Luminarium Dance Company & Monkeyhouse are thrilled to produce the seventh 24-Hour ChoreoFest!
SATURDAY, MAY 23
12-8pm: Live-streamed creation period & interviews
8pm: Live-streamed performance
Liars & Believers — LAB presents Ted & Marie by Joy Besozzi. It is live on its Pandemic Play page.
Coming Up: LAB has 3 shows in the pipeline, a big project gearing up, and a new experiment percolating.Plus several friends are creating shows and doing concerts. As long as this goes on, we’ll keep making art and sharing with you great things we find.
Merrimack Repertory Theatre — Merrimack Repertory Theatre’s professional training program for high school students, the MRT Young Company, goes virtual this year with classes online from 9 a.m. to 3 p.m. for three weeks, July 13-31. Renowned Chicago educator, director, and actor Robert Cornelius returns to lead the intensive.
The rate is $450 per person for the full course. Past Young Company participants may register for only $350. To register, visit www.mrt.org/youngcompany or call the Box Office at 978-654-4678. The program requires a laptop or tablet and internet access; if needed, MRT will provide technical support for any student.
Open Theatre Project — Week 3 of the OTP Community Write. On Monday, featured playwright Nick Malakhow chose “Communication/Miscommunication” and “New Rituals” to inspire our community’s writing this week. Performed by Alissa Cordeiro, Erik McGowan, Dave DiLillo, and Tasha Matthews. PANDEMIC-MONUIM by Bob Williams with Dave DiLillo Home Not Alone by Judith Black with Tasha Matthews Talk To You by Nick Malakhow with Alissa Cordeiro & Erik McGowan
Silverthorne Theater Company — Silverthorne Theater Company presents Days of Possibilities by Rich Orloff. Streaming now-June 4. <iframe width=”560″ height=”315″ src=”https://www.youtube.com/embed/WXc9WmKAjXc” frameborder=”0″ allow=”accelerometer; autoplay; encrypted-media; gyroscope; picture-in-picture” allowfullscreen></iframe>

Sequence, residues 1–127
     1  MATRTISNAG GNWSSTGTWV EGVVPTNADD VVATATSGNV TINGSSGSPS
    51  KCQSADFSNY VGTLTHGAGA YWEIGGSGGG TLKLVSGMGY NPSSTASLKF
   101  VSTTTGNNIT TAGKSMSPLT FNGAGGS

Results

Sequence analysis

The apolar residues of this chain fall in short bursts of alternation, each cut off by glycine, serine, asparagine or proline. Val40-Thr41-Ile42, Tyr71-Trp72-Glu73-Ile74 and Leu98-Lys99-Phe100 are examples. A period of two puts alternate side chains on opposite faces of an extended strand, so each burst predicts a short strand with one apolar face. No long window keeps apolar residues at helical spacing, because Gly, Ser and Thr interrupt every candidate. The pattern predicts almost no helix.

SpeakEasy Stage Company — Beginning Wednesday, May 20 at 5PM, is a five-week half-hour series offering an insider’s guide to the five shows making up SpeakEasy’s 2020-2021 Season, which is also the company’s 30th Anniversary year. Those interested can join by tuning into SpeakEasy’s Facebook page for each live 30-minute Q&A session. The schedule of shows and artists is as follows: Once On This Island – Wednesday, May 20, 5:00-5:30pm; Artists present: Director Pascale Florestal, Music Director David Freeman Coleman People, Places & Things – Wednesday, May 27, 5:00-5:30pm – Artists present: Director David R. Gammons, Actress Marianna Bassham, Actor John Kuntz Slave Play – Wednesday, June 3, 5:00-5:30pm; Artist present: Director Tiffany Nichole Greene Bright Star – Wednesday, June 10, 5:00-5:30pm; Artists present: Director Paul Daigneault, Actress Laura Marie Duncan, Choreographer Misha Shields, Music Director Eli Schildekraut The Inheritance – Wednesday, June 17, 5:00-5:30pm; Artist present: Director Paul Daigneault
Announcing the SpeakEasy Play Discussion Club – a weekly discussion surrounding some of today’s most exciting scripts! Join SpeakEasy staff and artists for an online conversation about the play’s major themes and impact on the American theatre canon.For this series of plays, the theme is Celebrating Contemporary Female Voices:
Introduction Session or “Play Reading 101: A How-To Guide” An optional resource for those interested in the tips and tricks of play reading!
Thursday, May 21 from 5:00 – 5:30pm (Sign Up Here)
WEEK TWO: Cost of Living by Martyna Majok
Thursday, May 28 from 5:30 – 6:30pm (Sign Up Here)
WEEK THREE: Cambodian Rock Band by Lauren Yee
Thursday, June 4 from 5:30 – 6:30pm (Sign Up Here)
WEEK FOUR: DIASPORA! by Phaedra Michelle Scott
Developed through SpeakEasy’s The Boston Project
Thursday, June 11 from 5:30 – 6:30 (Sign Up Here)
WEEK FIVE: Wild Goose Dreams by Hansol Jung
Thursday, June 18 from 5:30 – 6:30pm (Sign Up Here)
Matthew Yee, Peter Sipla, Aja Wiltshire, Eileen Doan, Greg Watanabe; Photo by Liz Lauren courtesy of Victory Gardens